I think Hellmuth is simply taking to an extreme the philosophy that says that the person first to act after the flop will rarely want to bet in any case. I don't much disagree, as if I do bet the flop, my opponent's call (or his raise, for that matter) doesn't give me much information; I may get more information by checking to him and seeing what he does. In effect, the dark-check reverses the roles of position (not completely, I realize, of course).


If a player truly has decided not to bet the flop no matter what it is, there is still no need to check dark; the player can simply not look at the flop. But that player has still given up the advantage of being able to lead out with a bet when the flop is such that they should bet it. And if a player is going to give away information about their hand by reacting to the flop, they are still going to react when they finally get around to looking at the board (and they won't be playing poker for long if they have that much trouble controlling their reactions).

Also, "checking dark" doesn't "reverse the role of position", even partially. A check, whether dark or regular, still concedes first crack at the pot to the opponent. The fact the check was "dark" is (or should be) irrelevant to the opponent; what possible difference does it make to his decision to bet or check behind?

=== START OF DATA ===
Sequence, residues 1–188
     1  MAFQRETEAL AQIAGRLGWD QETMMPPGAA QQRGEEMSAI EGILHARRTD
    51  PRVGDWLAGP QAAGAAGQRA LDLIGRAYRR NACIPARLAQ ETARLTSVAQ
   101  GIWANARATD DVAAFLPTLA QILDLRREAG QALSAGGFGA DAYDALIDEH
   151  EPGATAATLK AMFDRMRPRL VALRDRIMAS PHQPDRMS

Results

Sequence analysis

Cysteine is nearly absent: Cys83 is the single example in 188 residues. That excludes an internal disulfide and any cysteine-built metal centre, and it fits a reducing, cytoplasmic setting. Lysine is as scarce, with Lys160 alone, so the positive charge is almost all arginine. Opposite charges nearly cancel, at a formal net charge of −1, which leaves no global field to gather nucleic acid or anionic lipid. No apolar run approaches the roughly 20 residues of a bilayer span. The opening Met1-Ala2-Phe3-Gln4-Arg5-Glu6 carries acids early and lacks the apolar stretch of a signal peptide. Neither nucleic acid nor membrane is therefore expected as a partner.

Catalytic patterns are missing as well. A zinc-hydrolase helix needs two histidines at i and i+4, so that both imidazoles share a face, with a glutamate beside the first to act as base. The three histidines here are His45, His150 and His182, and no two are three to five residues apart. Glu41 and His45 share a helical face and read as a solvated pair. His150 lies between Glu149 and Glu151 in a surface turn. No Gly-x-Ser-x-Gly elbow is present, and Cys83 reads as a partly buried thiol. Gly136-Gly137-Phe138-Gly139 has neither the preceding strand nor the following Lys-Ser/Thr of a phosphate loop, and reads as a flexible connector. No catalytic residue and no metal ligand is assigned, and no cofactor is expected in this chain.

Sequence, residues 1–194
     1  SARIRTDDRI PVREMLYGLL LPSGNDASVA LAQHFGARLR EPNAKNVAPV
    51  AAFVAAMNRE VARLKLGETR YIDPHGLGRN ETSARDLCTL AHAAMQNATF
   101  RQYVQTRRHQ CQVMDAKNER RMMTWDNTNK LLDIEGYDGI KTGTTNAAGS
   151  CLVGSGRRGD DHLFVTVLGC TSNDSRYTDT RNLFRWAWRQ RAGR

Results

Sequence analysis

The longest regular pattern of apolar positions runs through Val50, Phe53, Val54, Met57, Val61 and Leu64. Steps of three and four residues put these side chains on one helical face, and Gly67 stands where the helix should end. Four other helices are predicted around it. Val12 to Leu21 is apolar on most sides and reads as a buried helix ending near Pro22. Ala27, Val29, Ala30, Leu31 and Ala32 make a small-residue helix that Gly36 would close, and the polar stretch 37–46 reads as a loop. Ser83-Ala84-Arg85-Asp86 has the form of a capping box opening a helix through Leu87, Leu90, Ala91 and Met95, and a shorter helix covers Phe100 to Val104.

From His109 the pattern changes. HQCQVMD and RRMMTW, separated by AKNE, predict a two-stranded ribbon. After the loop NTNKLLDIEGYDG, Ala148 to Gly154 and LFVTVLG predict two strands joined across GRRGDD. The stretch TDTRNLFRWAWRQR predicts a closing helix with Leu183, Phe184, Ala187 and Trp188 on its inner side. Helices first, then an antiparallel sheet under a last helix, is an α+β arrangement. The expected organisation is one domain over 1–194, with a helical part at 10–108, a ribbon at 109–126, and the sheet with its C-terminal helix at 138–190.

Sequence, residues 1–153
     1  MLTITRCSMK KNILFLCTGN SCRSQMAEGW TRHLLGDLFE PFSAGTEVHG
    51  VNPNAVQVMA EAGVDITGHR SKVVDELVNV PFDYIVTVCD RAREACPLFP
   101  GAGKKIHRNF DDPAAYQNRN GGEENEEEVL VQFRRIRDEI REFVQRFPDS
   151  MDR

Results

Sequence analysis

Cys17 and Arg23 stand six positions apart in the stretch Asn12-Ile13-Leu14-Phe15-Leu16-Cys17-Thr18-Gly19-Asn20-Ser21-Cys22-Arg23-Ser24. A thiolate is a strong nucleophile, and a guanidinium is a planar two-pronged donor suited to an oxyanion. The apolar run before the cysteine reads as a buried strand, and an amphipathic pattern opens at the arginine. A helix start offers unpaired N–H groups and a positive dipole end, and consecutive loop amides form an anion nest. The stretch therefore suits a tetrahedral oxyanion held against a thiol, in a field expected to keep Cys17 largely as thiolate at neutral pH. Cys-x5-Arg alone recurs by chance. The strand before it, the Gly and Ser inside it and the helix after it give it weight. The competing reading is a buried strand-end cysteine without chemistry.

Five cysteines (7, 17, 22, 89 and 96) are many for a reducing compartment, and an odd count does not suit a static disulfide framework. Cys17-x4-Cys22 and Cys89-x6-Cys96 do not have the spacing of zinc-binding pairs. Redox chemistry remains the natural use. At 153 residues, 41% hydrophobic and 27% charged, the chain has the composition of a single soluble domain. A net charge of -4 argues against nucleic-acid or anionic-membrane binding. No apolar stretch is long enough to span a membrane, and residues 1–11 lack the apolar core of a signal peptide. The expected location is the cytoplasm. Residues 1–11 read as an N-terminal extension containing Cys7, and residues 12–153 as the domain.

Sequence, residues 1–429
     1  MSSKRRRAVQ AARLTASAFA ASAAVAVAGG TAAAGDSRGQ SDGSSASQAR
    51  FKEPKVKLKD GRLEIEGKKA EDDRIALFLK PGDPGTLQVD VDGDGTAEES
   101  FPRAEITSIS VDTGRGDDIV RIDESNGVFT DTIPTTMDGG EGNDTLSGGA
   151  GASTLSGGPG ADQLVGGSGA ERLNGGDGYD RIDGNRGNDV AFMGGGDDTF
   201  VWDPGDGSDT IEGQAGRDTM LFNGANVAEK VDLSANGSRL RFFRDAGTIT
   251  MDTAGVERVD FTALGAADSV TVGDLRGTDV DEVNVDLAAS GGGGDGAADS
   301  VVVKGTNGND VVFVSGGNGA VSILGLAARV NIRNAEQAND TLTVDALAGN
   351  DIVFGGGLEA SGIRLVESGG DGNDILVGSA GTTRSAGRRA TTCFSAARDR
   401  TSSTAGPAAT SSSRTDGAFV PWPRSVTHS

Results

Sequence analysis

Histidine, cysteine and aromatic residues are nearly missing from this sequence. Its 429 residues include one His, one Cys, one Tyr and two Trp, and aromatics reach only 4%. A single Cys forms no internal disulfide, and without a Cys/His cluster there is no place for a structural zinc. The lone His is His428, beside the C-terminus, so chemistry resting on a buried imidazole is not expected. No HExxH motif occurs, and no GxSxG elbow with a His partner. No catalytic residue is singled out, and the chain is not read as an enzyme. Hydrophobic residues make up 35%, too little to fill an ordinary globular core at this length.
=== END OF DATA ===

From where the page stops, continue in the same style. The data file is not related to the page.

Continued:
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Re: Check dark/preflop/turn strategy

Postby TheJacob » Sun Sep 27, 2009 4:18 pm

I'm gonna let the cat out of the bag:

Hellmuth's fundamentals are terrible and I have no idea how he wins.

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Re: Check dark/preflop/turn strategy

Postby redright88 » Sun Sep 27, 2009 4:44 pm

Grange95 wrote: Also, "checking dark" doesn't "reverse the role of position", even partially. A check, whether dark or regular, still concedes first crack at the pot to the opponent. The fact the check was "dark" is (or should be) irrelevant to the opponent; what possible difference does it make to his decision to bet or check behind?


Grange, please go find the highest rooftops with the best acoustics and most powerful voice-magnifying equipment that you can get your hands on and shout this from that spot until you're hoarse. Checking dark is a generally bad move. I really don't think that it should even be in the repertoire of most small and mid-stakes players.

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txevans
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Re: Check dark/preflop/turn strategy

Postby txevans » Sun Sep 27, 2009 6:08 pm

Ok...COOL....I get it on the preflop check dark. Very interesting input. Now...what about this....Say the flop is out and you checked it and then your opponent checked behind you. BEFORE the turn card comes out...YOU make a Pot sized bet. How would that be as a play?